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The Burnished Sun by Mirandi Riwoe

Reading Miranda Riwoe’s The Burnished Sun had me immediately searching for anything and everything else she’d written. That’s how good this collection of short stories is.

The stories move amongst characters and across time but are linked by themes of misogyny, racism, colonialism and the misuse of power; Riwoe examines the circumstances and experiences of the powerless, those outside the comfort of the ‘norm.’

In ‘Invitation,’ immigrants Arum and Dani try to make sense of and fit into their new lives in Australia. Their son, Rafi, is at kindergarten. The teacher suggests he may be ‘on the spectrum’ and the couple try to understand what this could possibly mean. They know their son as a gentle boy, yet the teacher has said he hits other children. Arum worries about the implications, what this may mean for their son’s education, for his ability to adapt, she worries about the cost of possible medical fees. The story, through carefully crafted details, shows Arum’s confusion as she valiantly attempts to fit in to this new life, yet seems to make mistakes. Although Rafi is left out of birthday party invitations, in the end, she takes him to one anyway, and feels out of place, alien amongst the other mothers. She has taken the wrong type of food, Rafi is not invited to play on the swings; Arum’s anxiety as she attempts to please, to fit in, to be a part of this new place is palpable and heart-wrenching. Other stories further examine the ideas of marginalisation.

In ‘Dignity’ a young Indonesian woman is forced by her family’s poverty to leave her baby behind to work as a domestic servant for an Australian family. Mrs Bowman’s obliviousness to her grief and longing for her baby and for the circumstances which required her to leave her family demonstrates not only callousness but an unmeasurable division in understanding and circumstances,’ “You should tell them to get the internet put on,” she says, “Then you can skype whenever you want.” I keep thinking of the erratic electricity we must buy on credit in my village, the grainy television picture, the phone kiosks.’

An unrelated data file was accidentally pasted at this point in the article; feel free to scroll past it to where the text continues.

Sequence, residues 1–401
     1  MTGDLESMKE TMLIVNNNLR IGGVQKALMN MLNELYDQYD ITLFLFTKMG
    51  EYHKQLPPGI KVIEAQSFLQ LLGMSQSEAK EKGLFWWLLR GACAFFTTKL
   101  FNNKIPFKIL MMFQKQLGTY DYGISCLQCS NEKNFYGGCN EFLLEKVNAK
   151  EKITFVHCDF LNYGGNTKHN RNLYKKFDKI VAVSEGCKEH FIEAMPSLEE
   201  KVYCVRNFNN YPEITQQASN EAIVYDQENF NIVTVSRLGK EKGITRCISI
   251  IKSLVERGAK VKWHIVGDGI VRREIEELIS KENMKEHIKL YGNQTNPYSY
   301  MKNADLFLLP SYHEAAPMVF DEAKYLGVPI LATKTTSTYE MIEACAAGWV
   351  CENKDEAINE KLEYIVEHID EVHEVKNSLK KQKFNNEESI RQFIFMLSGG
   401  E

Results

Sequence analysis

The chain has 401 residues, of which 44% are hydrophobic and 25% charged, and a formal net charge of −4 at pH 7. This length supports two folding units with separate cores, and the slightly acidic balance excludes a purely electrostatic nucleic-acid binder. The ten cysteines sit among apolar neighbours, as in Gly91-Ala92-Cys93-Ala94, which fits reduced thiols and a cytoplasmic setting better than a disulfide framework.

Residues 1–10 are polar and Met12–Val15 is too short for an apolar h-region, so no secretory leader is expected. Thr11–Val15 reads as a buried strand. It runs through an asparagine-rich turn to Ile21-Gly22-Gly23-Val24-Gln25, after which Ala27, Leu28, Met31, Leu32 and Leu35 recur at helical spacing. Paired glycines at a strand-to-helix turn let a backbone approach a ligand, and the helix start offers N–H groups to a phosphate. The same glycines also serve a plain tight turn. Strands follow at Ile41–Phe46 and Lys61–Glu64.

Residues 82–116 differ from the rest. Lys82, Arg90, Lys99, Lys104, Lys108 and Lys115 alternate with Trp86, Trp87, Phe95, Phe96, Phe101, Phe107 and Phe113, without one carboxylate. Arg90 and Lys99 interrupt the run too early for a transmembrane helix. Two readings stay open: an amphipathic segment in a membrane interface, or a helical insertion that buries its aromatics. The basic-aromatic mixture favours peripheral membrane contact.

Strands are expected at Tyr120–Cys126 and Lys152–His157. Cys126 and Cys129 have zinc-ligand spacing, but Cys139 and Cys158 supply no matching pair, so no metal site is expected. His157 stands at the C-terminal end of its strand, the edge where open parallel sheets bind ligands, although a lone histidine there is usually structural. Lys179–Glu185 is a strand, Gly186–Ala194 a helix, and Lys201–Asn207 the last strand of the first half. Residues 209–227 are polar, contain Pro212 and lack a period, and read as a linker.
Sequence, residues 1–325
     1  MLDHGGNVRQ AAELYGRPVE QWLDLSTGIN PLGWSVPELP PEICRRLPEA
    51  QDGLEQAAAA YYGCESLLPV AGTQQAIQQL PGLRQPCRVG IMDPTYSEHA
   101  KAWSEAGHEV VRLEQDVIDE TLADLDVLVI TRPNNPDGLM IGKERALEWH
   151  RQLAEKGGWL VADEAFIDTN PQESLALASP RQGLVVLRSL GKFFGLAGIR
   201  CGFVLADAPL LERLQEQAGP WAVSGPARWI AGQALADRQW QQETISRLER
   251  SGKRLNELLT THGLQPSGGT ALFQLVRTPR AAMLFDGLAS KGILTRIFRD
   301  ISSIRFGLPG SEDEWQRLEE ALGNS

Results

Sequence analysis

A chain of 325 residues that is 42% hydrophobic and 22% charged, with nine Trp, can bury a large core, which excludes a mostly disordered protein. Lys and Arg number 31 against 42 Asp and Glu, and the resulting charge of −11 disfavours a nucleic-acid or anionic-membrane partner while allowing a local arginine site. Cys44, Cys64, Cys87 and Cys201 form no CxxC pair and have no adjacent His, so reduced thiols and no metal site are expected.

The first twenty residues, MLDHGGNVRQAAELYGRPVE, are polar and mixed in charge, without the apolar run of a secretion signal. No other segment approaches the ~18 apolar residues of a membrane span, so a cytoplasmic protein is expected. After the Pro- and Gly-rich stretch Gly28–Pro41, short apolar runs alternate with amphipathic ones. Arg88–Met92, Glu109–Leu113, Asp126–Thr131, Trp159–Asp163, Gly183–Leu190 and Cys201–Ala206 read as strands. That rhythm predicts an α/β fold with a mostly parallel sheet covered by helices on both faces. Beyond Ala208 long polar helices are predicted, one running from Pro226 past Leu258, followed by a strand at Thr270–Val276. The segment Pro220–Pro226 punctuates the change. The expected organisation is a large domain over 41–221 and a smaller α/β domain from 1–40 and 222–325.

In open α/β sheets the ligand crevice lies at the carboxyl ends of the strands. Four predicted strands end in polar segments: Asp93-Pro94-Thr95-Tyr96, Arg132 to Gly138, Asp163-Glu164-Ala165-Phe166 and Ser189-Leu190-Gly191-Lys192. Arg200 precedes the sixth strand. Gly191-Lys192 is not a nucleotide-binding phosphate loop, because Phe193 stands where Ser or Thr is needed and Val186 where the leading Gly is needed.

The stories are framed by two novellas; ‘Annah the Javanese’ and ‘The Fish Girl’. Both compellingly evoke situations of women’s powerlessness and how they are exploited. In ‘Annah the Javanese’ a young woman is both model for and mistress of Paul Gauguin who sees her merely as an exotic object to both paint and enjoy. His dismissive and patronising treatment of her is carelessly cruel; the pet monkey he acquires and cages have distinct parallels with her own situation. In ‘The Fish Girl,’ which is a re-telling of Somerset Maugham’s ‘The Four Dutchman’ but from a feminine perspective, a young girl is traded by her father to work in a Dutch Merchant’s house and the sea journey which follow ends in violence.

These stories sensitively and subtly evoke outsiders looking in, hoping for acceptance and understanding. The writing is rich, textured and compelling. And yes, I found Riwoe’s novel, Stone Sky Mountain, which is also exquisitely written, challenging and wonderful.

Reviewer: Paddy Richardson

University of Queensland Press


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